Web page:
Promptly repairing a leaking outdoor faucet your self can save money and can prevent serious water damage to the home’s exterior, or leakage into basement windows. Faucet repair may seem complicated. But it is usually a simple task.
Most faucet leaks are caused by one of two reasons: 1) the washer at the valve seat no longer seals or 2) the washer around the stem is leaking. Faucet drips indicates a worn washer, valve seat or both. Leaking around the faucet handle indicates a worn packing washer.
1. Shut off the water supply to the faucet
Find the outdoor water supply valve usually at the curb, or in front of the house, or in the basement. Turn off the water supply to the outside faucet.
Bring all the tools and supplies on a small tray. Bring a container for nuts, screws and washers so they don’t disappear into the lawn or into the dirt.
2. To Begin a faucet repair first remove the handle
Turn on the faucet to drain the water from the faucet. Use the correct size and shape of screwdriver to take off the faucet handle. Set the handle and screw on the tray.
3. Remove the valve stem assembly
Remove the handle by unscrewing the machine screw that holds it in place.
Below the handle, there is a packing nut. Use a crescent wrench to turn the nut counter-clockwise, remove the packing nut and slide out the valve assembly.
4. Inspect the washers
Carefully inspect both washers and the valve seat inside the body of the faucet. If the washers are worn, cracked or the valve seat is scored these may be the cause of your leak.
Washers come in many different sizes. It is important to replace both the valve washer and stem washer with ones that are identical in depth and diameter to the originals. Usually this means a trip to the plumbing store or hardware store for new washers. Take the original parts to the store for an exact match.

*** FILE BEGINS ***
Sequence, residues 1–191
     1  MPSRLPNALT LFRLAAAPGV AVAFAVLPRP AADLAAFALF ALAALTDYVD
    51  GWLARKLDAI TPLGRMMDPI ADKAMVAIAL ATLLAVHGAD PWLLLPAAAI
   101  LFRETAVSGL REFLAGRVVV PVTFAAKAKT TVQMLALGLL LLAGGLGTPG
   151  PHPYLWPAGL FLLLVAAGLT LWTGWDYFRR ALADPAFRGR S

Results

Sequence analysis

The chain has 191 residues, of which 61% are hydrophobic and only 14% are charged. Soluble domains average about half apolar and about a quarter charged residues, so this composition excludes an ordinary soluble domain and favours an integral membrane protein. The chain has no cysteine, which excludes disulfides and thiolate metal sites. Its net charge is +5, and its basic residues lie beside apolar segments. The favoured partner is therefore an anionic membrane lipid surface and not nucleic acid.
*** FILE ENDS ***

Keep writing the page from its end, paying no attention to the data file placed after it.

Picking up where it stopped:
If the valve seat shows signs of damage a valve seat-grinding tool can be used to freshly grind and resurface the valve seat. This tool is inexpensive and can be used easily by the novice.
5. Replace any worn washer at base of valve stem
Remove the screw that holds the valve stem washer in place and remove the worn washer. Replace it with a new, matching washer; make sure to use the correct size replacement washer. Screw the washer back into place and tighten.
6. Reinsert the valve stem assembly
Slide the valve stem assembly back into the faucet body and screw it clockwise into place. Hold the faucet and tighten the valve stem nut with an adjustable crescent wrench. Do not over-tighten the nut. Reattach the faucet handle and close the faucet valve.
7. Attach the faucet
Attach the faucet to the water pipe supply line using Teflon tape or pipe dope. If the water supply elbow or pipe threads are worn it may be necessary to apply several rounds of Teflon tape then coat with pipe dope to prevent leaks. To use Teflon tape, wind the tape around the pipe threads in a counter clockwise motion. Then insert the faucet into the water pipe and tighten.
Turn on the water supply valve.
Turn the faucet on. The leak should be fixed.